How do we raise the questions of poverty? The assumptions of this country is that if someone is poor, they're poor because of their own individual blight, or they weren't born on the right side of town. They had too many children; they; went in the Army too early; their father was a drunk; they didn't care about school; they made a mistake. That's a lot of nonsense. Poverty is well calculated in this country. It is well calculated. And the reason why the poverty program won't work is because the calculators of poverty are administering it. That's why it won't work.

So how can we, as the youth in the country, move to start tearing those things down? We must move into the white community. We are in the black community. We have developed a movement in the black community that challenges the white activist who has failed miserably to develop the movement inside of his community. The question is, can we find white people who are going to have the courage to go into white communities and start organizing them? Can we find them? Are they here? And are they willing to do that? Those are the questions that we must raise for white activists.

We are never going to get caught up with questions about power. This country knows what power is and knows it very well. And knows what black power is because it's deprived black people of it for 400 years. So it knows what black power is. But the question is, why do white people in this country associate black power with violence? Because of their own inability to deal with blackness. If we had said Negro power, nobody would get scared. Everybody would support it. And if we said power for colored people, everybody would be, for that. But it is the word 'black,' it is the word 'black' that bothers people in this country, and that's their problem, not mine. ...

So that in conclusion, we want to say that first, it is clear to me that we have to wage a psychological battle on the right for black people to define their own terms, define themselves as they see fit and organize themselves as they see fit. Now, the question is, how is the white community going to begin to allow for that organizing, because once they start to do that, they will also allow for the organizing that they want to do inside their communities. It doesn't make any difference. Because we're going to organize our way anyway. We're going to do it. The question is, how we're going to facilitate those matters. Whether it's going to be done with a thousand policemen with sub-machine guns or whether or not it's going to be done in the context where it's allowed to be done by white people warding off those policemen. That is the question.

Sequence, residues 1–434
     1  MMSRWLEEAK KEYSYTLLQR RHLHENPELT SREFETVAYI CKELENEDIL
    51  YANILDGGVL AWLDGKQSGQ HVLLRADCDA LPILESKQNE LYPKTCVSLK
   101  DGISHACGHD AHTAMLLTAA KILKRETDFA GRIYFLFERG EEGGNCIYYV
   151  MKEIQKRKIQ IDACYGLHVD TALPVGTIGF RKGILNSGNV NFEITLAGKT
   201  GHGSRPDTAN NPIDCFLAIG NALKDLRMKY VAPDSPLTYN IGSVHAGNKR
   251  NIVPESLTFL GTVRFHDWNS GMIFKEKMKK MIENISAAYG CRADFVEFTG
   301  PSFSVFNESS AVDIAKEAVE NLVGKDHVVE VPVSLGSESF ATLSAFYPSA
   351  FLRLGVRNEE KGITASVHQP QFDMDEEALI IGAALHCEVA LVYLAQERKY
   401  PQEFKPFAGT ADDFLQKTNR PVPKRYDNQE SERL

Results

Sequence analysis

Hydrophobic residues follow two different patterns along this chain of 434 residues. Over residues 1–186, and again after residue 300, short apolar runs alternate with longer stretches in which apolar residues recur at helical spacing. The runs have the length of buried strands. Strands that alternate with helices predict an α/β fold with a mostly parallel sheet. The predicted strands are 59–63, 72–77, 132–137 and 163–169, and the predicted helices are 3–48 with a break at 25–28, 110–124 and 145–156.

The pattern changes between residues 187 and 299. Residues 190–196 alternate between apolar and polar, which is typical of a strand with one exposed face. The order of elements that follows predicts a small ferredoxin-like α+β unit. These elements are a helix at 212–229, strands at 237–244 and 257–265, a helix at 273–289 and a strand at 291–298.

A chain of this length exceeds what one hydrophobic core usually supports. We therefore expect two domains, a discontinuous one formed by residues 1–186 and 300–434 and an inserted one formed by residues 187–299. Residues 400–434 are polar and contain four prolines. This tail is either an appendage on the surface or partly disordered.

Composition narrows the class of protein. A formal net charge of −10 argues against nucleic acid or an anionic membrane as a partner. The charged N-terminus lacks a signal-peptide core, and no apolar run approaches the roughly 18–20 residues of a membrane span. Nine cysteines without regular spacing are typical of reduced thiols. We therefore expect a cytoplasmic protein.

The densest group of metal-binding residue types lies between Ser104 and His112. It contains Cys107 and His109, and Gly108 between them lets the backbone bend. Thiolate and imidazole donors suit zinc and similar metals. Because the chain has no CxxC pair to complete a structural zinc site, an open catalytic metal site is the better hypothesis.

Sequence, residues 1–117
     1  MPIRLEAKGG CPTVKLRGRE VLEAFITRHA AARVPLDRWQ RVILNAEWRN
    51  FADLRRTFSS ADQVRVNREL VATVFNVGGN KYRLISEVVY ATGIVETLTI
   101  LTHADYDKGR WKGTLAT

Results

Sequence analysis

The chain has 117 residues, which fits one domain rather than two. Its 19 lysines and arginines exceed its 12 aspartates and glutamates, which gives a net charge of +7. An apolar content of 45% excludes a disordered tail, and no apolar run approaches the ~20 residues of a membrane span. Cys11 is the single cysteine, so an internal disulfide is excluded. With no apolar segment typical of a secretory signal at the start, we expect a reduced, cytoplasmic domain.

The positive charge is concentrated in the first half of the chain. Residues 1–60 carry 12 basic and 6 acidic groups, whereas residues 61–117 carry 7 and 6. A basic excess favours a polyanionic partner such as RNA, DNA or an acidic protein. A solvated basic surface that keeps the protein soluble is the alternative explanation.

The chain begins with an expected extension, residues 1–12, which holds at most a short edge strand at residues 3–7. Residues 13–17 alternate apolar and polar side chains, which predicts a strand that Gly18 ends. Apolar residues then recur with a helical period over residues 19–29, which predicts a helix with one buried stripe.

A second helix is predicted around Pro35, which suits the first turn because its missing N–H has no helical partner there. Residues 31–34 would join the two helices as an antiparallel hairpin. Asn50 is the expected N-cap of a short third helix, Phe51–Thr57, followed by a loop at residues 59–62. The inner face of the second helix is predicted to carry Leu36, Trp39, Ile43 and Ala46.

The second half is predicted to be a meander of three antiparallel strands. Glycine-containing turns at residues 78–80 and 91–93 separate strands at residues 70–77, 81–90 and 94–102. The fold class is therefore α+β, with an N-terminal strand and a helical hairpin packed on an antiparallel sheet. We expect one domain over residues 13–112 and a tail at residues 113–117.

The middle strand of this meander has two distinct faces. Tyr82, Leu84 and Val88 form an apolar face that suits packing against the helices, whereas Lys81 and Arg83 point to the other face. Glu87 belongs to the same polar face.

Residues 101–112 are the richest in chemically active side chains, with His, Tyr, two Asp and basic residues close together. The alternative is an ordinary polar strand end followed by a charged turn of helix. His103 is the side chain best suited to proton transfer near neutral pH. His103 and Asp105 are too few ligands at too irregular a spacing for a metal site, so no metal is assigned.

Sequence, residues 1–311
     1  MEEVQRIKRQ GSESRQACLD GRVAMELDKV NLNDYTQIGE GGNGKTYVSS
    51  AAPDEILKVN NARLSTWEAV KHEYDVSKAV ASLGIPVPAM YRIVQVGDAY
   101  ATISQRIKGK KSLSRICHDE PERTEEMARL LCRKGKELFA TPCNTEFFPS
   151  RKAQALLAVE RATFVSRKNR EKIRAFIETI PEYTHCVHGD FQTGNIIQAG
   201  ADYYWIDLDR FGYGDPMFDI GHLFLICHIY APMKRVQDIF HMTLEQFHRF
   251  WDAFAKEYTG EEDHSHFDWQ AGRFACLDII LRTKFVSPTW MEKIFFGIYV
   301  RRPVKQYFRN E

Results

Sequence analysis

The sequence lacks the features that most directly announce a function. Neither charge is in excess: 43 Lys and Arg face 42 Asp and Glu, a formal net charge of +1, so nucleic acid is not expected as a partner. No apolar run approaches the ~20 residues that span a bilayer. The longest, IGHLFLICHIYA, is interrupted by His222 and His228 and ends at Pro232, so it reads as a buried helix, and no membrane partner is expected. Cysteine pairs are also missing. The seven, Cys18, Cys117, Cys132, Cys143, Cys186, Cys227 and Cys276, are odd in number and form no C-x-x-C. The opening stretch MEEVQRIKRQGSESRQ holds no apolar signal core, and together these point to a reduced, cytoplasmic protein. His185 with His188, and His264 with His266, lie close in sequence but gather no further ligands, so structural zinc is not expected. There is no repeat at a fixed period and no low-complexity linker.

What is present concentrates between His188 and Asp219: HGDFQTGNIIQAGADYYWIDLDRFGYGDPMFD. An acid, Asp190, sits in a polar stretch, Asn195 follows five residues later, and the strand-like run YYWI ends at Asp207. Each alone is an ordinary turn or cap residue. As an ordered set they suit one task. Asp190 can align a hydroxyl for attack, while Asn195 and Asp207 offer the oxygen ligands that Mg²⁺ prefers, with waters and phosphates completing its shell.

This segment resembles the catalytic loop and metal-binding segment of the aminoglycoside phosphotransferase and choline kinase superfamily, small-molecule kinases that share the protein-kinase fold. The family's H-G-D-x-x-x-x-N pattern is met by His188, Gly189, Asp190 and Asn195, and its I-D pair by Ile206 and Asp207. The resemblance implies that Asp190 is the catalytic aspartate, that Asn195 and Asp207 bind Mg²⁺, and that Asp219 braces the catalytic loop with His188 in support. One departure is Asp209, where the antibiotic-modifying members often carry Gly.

And the question is, how will white people who call themselves activists get ready to start moving into the white communities on two counts? On building new political institutions, to destroy the old ones that we have, and to move around the concept of white youth refusing to go into the army. So that we can start then to build a new world. It is ironic to talk about civilization in this country. This country is uncivilized. It needs to be civilized. We must begin to raise those questions of civilization. What it is, and we'll do it. And so we must urge you to fight now to be the leaders of today, not tomorrow. We've got to be the leaders of today. This country is a nation of thieves. It stands on the brink of becoming a nation of murderers. We must stop it. We must stop it.

And then, in a larger sense, there is the question of black people. We are on the move for our liberation. We have been tired of trying to prove things to white people. We are tired of trying to explain to white people that we're not going to hurt them. We are concerned with getting the things we want, the things that we have to have to be able to function. The question is, can white people allow for that in this country? The question is, will white people overcome their racism and allow for that to happen in this country? If that does not happen, brothers and sisters, we have no choice, but to say very clearly, move on over, or we're going to move over you.

Copyright © Stokely Carmichael, 1966.

Copyright ©
(Labor donated)